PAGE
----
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Psychopharmacology (Berl). 2013 Nov;230(1):125-35. doi: 10.1007/s00213-013-3142-5. Epub 2013 May 17.

Cocaine potentiates MDMA-induced oxidative stress but not dopaminergic neurotoxicity in mice: implications for the pathogenesis of free radical-induced neurodegenerative disorders.

Author information

1
Departamento de Farmacología, Facultad de Medicina, Universidad Complutense, Madrid, 28040, Spain.

Abstract

RATIONALE:

The drugs of abuse 3,4-methylenedioxymethamphetamine (MDMA; "ecstasy") and cocaine both increase the generation of free radicals, and in the case of MDMA, this increase in oxidative stress is involved in the dopaminergic neurotoxicity produced by the drug in mice. Oxidative stress processes are also involved in the pathogenesis of several neurodegenerative diseases.

OBJECTIVES:

We aimed to determine the consequences of the combined administration of MDMA and cocaine on oxidative stress and dopaminergic neurotoxicity.

METHODS:

Mice received MDMA (20 mg/kg, i.p.; two doses separated by 3 h) followed by cocaine 1, 3, 6, or 24 h after the second MDMA dose. Mice were killed between 1 h and 7 days after cocaine injection.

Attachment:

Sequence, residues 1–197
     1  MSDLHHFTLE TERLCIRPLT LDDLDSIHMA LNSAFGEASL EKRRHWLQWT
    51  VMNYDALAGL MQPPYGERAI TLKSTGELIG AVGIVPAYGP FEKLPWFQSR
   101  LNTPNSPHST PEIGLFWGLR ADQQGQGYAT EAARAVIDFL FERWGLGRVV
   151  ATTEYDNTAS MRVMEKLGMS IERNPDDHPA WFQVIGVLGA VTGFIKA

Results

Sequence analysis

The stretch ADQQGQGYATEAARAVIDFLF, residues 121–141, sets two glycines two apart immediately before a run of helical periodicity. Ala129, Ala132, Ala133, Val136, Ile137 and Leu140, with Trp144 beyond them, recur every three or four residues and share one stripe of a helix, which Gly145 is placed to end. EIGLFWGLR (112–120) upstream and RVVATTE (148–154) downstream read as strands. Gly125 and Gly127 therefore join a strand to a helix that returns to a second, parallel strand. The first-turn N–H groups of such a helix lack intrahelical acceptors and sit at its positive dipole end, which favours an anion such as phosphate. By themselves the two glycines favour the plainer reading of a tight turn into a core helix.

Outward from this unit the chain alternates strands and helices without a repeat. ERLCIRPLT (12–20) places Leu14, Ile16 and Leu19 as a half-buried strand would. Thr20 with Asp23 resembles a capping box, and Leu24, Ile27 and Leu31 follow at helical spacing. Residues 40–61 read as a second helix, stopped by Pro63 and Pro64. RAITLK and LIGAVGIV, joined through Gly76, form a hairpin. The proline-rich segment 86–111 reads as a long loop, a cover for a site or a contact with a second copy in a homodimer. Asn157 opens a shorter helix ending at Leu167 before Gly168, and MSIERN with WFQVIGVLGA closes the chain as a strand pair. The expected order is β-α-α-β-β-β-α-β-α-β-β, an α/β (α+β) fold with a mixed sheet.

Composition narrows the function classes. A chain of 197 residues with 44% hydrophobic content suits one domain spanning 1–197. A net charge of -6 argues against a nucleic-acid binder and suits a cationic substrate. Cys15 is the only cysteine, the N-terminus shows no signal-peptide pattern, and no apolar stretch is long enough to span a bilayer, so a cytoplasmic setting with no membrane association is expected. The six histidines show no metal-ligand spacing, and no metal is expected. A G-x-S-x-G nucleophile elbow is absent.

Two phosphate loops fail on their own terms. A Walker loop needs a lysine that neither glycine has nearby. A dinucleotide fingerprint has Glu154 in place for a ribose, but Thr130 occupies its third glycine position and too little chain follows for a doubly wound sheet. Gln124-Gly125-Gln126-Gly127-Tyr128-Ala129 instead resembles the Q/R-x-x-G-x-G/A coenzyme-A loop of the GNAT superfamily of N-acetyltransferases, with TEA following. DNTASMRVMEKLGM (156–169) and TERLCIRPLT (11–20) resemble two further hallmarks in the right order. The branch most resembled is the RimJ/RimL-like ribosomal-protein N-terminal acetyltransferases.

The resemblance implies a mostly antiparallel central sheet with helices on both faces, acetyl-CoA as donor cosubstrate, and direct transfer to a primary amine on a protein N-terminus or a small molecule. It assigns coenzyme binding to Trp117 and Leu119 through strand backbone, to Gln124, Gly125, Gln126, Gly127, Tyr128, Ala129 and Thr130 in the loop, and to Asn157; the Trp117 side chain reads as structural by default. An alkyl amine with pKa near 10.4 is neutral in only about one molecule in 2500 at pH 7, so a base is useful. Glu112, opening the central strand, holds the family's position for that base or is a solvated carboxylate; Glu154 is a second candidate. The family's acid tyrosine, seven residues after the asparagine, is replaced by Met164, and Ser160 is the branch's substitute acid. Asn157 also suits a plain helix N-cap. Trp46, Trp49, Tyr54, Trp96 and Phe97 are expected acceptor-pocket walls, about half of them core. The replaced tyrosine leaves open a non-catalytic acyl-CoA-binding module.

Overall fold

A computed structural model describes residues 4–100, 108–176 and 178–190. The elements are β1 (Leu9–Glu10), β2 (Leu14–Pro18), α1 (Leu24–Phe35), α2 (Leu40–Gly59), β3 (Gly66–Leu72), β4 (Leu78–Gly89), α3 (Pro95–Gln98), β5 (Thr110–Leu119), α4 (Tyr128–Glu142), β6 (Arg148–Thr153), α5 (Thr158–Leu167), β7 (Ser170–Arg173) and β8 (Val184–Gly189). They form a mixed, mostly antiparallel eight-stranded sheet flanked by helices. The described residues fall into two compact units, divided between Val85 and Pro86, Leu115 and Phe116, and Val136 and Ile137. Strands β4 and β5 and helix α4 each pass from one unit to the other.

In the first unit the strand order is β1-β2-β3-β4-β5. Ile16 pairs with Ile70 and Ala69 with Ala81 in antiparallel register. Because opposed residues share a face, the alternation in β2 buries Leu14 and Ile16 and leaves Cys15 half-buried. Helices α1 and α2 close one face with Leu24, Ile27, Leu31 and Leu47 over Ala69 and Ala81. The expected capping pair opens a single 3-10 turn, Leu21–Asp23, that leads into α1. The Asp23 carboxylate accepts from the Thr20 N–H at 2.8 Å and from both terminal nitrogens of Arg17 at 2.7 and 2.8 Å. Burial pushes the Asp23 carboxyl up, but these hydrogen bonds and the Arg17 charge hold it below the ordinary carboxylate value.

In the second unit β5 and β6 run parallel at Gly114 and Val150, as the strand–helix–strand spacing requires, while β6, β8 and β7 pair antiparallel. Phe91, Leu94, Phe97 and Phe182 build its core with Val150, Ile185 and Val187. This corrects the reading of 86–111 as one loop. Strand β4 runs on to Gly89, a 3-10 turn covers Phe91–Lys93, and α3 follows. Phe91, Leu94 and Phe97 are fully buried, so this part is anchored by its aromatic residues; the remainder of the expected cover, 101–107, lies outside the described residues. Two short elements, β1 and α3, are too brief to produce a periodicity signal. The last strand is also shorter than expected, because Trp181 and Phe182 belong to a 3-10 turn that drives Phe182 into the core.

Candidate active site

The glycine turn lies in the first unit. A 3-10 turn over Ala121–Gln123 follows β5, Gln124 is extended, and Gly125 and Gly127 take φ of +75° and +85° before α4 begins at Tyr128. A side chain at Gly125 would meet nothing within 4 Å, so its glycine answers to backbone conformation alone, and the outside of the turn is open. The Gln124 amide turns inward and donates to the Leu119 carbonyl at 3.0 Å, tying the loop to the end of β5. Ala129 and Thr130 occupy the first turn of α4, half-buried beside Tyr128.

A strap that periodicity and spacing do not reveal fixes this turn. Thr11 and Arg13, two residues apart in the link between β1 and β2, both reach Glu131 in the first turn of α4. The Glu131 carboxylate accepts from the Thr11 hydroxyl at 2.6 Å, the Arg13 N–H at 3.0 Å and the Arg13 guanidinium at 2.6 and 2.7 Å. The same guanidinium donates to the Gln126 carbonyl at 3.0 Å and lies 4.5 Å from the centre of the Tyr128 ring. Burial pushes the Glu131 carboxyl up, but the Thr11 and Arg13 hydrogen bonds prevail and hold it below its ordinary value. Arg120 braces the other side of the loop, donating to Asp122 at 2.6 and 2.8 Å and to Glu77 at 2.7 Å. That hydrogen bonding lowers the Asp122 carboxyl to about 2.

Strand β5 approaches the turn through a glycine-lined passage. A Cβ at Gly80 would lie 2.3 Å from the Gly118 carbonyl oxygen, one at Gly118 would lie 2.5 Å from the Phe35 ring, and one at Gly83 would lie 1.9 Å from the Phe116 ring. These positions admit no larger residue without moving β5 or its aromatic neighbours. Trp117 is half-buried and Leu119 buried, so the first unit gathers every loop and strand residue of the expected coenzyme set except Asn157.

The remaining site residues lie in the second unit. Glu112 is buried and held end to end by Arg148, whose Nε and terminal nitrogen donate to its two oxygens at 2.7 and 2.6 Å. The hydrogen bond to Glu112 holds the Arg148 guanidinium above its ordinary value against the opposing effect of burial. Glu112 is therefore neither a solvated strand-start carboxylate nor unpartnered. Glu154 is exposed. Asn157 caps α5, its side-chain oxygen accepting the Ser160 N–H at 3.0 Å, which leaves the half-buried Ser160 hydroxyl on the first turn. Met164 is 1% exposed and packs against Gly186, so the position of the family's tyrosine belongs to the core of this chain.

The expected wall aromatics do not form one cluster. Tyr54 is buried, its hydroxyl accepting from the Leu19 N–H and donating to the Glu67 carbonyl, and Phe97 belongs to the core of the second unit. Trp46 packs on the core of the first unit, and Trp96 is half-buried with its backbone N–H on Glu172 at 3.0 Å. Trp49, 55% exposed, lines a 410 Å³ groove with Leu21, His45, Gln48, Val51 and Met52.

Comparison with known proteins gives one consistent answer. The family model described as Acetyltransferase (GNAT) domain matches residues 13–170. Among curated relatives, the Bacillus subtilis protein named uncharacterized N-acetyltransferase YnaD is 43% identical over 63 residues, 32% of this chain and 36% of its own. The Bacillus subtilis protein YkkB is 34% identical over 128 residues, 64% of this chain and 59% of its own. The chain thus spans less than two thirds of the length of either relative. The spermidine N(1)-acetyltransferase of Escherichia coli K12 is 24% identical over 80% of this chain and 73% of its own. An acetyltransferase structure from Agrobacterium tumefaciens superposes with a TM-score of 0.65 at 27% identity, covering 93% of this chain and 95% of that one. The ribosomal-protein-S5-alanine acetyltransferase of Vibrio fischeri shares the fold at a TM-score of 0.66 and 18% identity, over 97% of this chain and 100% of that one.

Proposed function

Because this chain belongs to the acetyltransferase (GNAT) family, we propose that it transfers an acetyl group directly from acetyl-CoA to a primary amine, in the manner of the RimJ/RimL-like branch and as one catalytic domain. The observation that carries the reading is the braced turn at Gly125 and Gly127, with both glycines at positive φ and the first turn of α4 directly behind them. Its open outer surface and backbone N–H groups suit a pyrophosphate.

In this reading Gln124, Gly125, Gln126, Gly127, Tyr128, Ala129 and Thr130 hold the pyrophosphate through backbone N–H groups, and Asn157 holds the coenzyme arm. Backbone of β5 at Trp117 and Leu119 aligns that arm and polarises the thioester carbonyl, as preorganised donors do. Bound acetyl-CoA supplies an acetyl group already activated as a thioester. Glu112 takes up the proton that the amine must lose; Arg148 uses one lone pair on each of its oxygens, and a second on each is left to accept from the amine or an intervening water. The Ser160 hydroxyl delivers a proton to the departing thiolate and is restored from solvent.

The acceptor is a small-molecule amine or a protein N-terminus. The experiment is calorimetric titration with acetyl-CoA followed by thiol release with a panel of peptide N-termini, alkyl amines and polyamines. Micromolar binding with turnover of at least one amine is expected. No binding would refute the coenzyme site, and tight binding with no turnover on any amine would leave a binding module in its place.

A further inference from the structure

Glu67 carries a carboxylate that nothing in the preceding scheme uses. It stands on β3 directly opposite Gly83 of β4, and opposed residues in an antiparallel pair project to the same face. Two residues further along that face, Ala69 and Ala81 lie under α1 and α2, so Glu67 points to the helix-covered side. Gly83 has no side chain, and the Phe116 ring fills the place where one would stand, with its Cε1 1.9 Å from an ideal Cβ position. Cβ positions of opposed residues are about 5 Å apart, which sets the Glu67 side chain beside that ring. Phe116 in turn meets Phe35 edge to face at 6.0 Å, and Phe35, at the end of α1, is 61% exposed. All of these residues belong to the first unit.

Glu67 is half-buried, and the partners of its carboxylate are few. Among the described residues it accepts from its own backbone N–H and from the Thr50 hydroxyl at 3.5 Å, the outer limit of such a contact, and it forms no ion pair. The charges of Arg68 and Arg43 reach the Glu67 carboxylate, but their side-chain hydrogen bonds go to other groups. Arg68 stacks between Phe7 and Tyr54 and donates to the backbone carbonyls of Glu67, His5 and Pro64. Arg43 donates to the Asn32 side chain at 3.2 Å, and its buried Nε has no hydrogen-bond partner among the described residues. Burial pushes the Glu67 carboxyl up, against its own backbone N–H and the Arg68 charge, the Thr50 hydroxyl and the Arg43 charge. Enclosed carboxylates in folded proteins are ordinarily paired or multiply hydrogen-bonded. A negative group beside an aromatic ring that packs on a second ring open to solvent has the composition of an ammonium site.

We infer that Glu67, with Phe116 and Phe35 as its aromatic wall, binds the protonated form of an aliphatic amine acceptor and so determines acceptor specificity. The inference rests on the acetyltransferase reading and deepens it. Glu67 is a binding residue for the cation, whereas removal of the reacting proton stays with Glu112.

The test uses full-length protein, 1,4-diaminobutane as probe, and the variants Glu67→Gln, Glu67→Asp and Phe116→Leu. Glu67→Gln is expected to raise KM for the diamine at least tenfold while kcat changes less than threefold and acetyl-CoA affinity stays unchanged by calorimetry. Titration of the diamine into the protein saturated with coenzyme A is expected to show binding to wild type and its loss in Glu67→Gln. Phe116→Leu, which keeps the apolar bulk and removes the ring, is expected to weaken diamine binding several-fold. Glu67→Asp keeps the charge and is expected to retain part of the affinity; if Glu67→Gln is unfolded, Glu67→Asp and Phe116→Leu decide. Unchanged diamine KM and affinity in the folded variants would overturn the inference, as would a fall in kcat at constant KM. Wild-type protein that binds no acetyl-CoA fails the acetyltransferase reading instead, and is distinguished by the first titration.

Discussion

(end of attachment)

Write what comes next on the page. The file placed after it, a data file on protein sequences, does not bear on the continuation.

RESULTS:

MDMA decreased dopamine transporter density and dopamine concentration 7 days later. Cocaine did not alter this neurotoxicity. MDMA produced an increase in the concentration of 2,3-dihydroxybenzoic acid in striatal microdialysis samples and an increase in lipid peroxidation in the striatum which were potentiated by cocaine. MDMA and cocaine given together also increased nitrate and 3-nitrotyrosine levels compared with either drug given alone. On the other hand, MDMA increased superoxide dismutase activity and decreased catalase activity, changes which were prevented by cocaine administration. In addition, cocaine administration produced an increase in glutathione peroxidase (GPx) activity in both saline-treated and MDMA-treated mice.

CONCLUSIONS:

Cocaine potentiates MDMA-induced oxidative stress but does not produce an increase in the neurotoxicity produced by MDMA, and this lack of potentiation may involve an increase in GPx activity.

PMID:
23681166
DOI:
10.1007/s00213-013-3142-5
[Indexed for MEDLINE]

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